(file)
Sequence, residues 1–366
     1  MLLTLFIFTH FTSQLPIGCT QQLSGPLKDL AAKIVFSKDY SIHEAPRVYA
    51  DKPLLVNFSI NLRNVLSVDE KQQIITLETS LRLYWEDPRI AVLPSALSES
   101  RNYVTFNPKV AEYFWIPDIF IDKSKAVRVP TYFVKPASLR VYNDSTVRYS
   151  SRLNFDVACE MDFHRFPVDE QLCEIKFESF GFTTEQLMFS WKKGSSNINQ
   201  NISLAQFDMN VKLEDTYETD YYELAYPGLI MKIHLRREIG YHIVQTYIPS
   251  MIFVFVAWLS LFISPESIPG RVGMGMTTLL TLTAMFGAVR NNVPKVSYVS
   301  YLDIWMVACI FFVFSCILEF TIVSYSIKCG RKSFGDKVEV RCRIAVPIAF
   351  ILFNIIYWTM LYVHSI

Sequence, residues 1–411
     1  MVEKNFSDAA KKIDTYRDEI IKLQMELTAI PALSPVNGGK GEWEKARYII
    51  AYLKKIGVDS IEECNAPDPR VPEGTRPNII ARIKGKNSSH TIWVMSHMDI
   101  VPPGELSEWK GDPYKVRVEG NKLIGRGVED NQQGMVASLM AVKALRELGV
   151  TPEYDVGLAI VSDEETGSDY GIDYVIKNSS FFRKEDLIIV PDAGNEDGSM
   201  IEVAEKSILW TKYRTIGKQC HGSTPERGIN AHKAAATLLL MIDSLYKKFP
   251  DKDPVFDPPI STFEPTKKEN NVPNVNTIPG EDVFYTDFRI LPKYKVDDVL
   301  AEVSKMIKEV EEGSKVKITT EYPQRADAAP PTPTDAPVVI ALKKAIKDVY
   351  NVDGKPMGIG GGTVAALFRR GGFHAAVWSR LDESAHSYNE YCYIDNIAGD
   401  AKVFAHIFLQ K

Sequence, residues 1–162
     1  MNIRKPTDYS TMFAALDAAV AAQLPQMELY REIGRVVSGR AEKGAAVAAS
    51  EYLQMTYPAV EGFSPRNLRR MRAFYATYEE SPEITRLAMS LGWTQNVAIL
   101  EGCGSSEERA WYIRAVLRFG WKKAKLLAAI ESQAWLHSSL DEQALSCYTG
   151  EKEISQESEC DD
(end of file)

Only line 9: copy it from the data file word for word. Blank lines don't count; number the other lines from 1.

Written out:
   351  ILFNIIYWTM LYVHSI